4.3 Trends in Mobile Usage
To identify the current trends among mobile users in college we use the responses of 83% of respondents who confirm that they bring and use mobiles within the campus. The following are the major trends noticed.
A. The most used mobile handsets: Nokia
B. The most used type of mobile connection: Pre-paid
56 of the 64 respondents prefer to use pre-paid and not post-paid connections. The reasons may be that it allows cheap and easy recharge and prevents too much interference from the parents regarding usage and convoluted processes of bill payments. Further it also prevents over-the-budget use of mobiles by restricting the number of calls, messages etc that one can make during a given recharge period.
C. Preferred Mobile Network: Airtel
The top three mobile service providers among the students surveyed are Airtel, BSNL, and Vodafone. While Airtel being the leading provider was not a surprise result, BSNL emerging the second most popular service provider was quite against the expectations, given the recurrent troubles in connectivity and overall poor performance. However the attractively priced student plans must provide the incentive to purchase the connection.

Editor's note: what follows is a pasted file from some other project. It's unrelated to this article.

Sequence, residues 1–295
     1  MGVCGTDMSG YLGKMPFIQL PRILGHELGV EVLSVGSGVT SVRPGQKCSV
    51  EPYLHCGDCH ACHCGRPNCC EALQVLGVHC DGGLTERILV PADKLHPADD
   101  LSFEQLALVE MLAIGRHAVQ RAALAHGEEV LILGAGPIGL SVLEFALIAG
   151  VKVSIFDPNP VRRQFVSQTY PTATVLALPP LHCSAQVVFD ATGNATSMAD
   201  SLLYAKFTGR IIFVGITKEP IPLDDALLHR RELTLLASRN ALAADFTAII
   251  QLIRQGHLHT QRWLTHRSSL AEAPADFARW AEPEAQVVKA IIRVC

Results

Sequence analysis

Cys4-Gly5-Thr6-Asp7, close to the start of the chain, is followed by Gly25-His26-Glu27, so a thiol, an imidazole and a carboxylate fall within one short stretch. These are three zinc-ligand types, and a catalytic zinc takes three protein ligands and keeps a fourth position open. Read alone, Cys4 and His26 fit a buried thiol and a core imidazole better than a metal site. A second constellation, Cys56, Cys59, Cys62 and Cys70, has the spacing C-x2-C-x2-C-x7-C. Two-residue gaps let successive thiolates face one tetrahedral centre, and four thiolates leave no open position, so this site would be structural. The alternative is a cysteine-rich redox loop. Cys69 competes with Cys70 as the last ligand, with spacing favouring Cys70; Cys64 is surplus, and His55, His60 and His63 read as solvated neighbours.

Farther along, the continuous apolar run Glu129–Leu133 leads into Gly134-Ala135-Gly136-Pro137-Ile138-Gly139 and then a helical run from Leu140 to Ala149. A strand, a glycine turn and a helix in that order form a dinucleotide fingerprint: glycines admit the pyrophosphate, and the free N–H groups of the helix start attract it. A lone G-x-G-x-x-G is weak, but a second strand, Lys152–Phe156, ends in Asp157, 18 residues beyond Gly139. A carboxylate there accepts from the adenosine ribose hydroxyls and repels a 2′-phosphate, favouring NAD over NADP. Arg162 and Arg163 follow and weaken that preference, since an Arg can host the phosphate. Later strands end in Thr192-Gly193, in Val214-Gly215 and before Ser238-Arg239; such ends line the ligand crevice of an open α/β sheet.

D. Most Communications go to Friends/Classmates
While overall we see that friends/classmates surpass family in receiving communications from students, this marginal overtaking occurred in case of the III years alone. Among I years and II years family comes first in terms of maximum communications. Again, the 11% of people who agree to communicating most with their boyfriend/girlfriend may also seem as too small a percentage. Here again the III years (almost 9%, especially boys) were more given to accepting that they had relationships and frequently communicated with them.
E. Primary time of use: Evening
F. Service Most Used: SMS
The top two services for which the mobile is used are to send SMSes and to enjoy music. Calls (ironically, the primary purpose of mobiles) come only third. The fact that GPRS facility is least used points to the fact that a good majority of students are still not much acquainted with mobiles having higher end facilities. While analyzing the use of important mobile services, it would also help to separately present the behaviour of males and females in this regard. Even though females form a greater number of respondents, only 5% actually use the GPRS facility against 24% of males. A similar trend is seen in case of Camera/Video usage and also FM/music player.